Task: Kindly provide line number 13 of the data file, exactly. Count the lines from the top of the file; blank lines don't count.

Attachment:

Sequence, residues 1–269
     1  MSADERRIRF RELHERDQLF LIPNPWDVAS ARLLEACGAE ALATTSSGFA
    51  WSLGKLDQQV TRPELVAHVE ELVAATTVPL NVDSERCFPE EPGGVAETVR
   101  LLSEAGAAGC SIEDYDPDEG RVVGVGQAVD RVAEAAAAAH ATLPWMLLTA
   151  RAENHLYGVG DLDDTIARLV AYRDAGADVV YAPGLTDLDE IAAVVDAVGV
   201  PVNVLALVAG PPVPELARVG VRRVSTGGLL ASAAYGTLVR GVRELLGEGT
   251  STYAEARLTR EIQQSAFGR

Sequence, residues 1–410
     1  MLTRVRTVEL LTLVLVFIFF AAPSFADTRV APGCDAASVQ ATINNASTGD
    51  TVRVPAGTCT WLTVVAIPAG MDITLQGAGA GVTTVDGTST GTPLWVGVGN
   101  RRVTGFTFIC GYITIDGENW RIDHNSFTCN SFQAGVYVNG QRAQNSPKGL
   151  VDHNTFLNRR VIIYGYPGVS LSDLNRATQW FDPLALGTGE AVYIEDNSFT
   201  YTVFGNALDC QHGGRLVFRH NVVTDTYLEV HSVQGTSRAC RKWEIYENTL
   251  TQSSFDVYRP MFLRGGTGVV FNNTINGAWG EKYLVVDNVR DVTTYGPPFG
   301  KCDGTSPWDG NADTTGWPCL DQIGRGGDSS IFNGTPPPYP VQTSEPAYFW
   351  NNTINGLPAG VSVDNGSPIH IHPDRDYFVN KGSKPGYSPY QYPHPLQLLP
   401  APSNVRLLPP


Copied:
   201  YTVFGNALDC QHGGRLVFRH NVVTDTYLEV HSVQGTSRAC RKWEIYENTL